Carter Smith & Kevin Ford
Etched between disbandment in 1991 and their current renaissance, Jane's Addiction reformed for a six-week US tour in 1997. The tour kicked off in Los Angeles and saw the band playing to sell-out crowds and earning stronger critical praise than it had in its heyday, with the addition of the Red Hot Chili Peppers' Flea as bassist.
The Three Days "movie" isn't one as such. Rather than settle for a fly-on-the-wall, Osbournes-style tour documentary, the band and directors Carter Smith and Kevin Ford scripted a feature film / docu-drama. It sees a pair of documentary makers blag their way onto the band's tour.
What ensues is an hour and a half orgy of live performance, odd musings and inexplicable story jumps. Why? The simple answer is you can't document the legacy of Jane's Addiction in the same way that Newsnight would probe the Iraq war.
Instead we have a vague story which the blurb claims sees presenter Cinqu play "a bumbling videographer assigned to document the band's reunion" (correct); and "get in over his head" (sorta) "when he is told to plant a seed on the tour" (some reference, but not really touched on).
Fleshed into the story part of the movie is the live performances which meander from nostalgic (Jane Says), blistering (Three Days) to plain space oddity - Ken Kesey dressed like a Philistine berating from the stage.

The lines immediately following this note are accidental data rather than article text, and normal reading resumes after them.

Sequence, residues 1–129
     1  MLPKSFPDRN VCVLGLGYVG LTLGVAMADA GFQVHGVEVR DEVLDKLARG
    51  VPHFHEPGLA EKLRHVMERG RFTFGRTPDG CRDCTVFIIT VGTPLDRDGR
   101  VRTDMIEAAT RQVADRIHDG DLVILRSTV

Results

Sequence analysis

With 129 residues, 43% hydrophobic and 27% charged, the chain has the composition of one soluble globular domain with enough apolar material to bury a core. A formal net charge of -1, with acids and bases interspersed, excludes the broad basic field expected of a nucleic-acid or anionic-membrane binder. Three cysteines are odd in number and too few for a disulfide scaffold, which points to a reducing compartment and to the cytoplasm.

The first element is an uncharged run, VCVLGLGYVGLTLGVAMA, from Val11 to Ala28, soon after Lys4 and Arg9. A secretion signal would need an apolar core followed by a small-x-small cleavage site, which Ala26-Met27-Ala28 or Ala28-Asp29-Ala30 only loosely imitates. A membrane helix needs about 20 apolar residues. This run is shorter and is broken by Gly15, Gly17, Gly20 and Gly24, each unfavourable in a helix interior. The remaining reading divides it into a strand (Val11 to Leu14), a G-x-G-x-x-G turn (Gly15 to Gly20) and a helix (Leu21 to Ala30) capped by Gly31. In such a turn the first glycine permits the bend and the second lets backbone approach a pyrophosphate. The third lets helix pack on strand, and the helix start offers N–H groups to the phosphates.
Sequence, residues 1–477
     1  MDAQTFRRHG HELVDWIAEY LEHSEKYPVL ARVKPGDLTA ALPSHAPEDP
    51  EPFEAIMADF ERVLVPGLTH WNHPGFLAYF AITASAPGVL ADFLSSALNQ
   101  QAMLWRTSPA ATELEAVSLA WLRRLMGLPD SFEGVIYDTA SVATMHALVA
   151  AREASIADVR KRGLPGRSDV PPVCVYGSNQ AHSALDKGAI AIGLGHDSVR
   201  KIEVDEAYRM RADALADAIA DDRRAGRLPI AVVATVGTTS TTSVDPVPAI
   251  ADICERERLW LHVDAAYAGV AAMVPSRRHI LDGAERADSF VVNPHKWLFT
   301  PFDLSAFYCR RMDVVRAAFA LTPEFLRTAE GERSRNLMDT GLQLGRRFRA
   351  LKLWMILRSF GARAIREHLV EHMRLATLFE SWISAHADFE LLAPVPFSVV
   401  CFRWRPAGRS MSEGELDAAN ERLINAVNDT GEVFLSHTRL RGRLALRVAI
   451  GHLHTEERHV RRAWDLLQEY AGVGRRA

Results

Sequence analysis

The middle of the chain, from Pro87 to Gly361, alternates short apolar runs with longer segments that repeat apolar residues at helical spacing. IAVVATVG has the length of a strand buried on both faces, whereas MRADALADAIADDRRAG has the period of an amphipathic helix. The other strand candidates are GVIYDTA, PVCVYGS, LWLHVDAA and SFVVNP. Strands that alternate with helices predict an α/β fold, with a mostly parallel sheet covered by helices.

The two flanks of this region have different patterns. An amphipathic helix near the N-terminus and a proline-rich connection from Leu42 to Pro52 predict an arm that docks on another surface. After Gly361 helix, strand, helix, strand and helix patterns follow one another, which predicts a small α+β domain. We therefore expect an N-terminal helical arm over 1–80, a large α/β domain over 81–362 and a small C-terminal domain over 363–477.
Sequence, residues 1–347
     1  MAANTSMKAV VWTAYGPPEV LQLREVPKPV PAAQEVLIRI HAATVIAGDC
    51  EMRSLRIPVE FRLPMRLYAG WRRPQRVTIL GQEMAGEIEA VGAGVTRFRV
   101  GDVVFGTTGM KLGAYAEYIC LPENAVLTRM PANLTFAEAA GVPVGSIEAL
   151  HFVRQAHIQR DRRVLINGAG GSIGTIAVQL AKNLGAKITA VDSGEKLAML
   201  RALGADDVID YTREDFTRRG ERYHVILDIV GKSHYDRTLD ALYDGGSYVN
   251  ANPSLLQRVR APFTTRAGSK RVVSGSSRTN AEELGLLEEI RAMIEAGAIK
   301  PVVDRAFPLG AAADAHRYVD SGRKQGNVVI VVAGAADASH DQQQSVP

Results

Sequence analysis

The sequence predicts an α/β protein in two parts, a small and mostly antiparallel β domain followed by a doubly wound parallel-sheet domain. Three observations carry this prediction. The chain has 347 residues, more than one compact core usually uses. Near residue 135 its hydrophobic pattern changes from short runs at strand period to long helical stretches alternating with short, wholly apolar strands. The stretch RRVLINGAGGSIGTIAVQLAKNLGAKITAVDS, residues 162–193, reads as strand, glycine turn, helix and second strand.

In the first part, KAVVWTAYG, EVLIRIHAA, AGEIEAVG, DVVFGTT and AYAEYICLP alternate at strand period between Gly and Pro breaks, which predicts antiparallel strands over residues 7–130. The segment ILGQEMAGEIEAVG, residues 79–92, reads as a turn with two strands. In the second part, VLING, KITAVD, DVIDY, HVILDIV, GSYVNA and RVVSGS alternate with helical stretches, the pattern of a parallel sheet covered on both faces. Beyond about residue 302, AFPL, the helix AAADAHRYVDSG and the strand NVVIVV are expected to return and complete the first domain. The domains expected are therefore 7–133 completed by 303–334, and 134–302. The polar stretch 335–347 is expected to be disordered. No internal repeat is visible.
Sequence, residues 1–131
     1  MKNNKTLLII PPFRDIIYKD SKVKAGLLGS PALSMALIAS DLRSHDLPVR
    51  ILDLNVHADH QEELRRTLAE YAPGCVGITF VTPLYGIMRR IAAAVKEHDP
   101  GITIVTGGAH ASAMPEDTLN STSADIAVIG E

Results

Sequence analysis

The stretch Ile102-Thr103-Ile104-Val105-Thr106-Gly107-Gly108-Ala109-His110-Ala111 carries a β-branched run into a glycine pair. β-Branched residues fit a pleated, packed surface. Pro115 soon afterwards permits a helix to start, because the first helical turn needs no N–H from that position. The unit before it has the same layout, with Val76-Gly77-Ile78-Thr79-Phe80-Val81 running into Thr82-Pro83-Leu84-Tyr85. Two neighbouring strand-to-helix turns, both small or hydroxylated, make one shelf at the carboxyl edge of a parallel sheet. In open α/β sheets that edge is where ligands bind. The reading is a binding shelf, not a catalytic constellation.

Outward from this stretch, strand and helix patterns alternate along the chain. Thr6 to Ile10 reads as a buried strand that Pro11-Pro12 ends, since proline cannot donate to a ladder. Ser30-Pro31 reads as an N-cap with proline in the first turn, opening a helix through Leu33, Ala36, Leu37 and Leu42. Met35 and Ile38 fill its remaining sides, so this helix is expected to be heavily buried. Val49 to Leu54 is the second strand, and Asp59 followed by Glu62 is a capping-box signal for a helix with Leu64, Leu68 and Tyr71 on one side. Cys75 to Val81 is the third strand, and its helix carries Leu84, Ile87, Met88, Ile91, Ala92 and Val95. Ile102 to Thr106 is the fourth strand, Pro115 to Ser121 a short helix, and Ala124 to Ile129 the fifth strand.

Beneath the mayhem and disjointed feel to the movie, the mix of videographers' and MTV footage, intimate one-to-one moments and '80s archive material makes a well conceived effort to convey themes of love, camaraderie, frustration, exploration and sexuality - often a side obscured by the popular press and the gap between artists and their fans.
The DVD makeover is especially rewarding with the live performances benefiting most, the tip-top mixing making them incredibly fresh and clear. There are moments on this DVD which fill you with bliss as the oldies are decadently sprayed out in an orgy of stage chaos.
The wealth of live content runs through the band's 1988 debut Nothing's Shocking, previously unreleased material, with what's ignored from Ritual de lo Habitual sneaked into the 40 minutes out-takes section - a must for anyone looking to see Ain't No Right in its full, cocaine-fuelled, raw glory.
Critics may dismiss it as a shrewd attempt to capitalise on the band's recent rebirth, but this movie has always enjoyed a cult status among hardcore Jane's fans. While it may earn the band a few bob, it'll take existing fans down memory lane and give the younger generation an inkling of the maniacal aura which surrounds the Jane's Addiction travelling circus.
The reason that it merits an 18 certificate rating is probably down to the band necking each other onstage In fact, at one point during a performance of Three Days, Farrell proceeds to simulate an orgy with his six-strong crew of tight assed, busty dancers.
They simply love each other, many people love them and if one theme supersedes anything in this movie, it is love. I loved it and depending on whether you like the band or have an open mind, you'll take to the irrepressible legacy of Jane's Addiction too...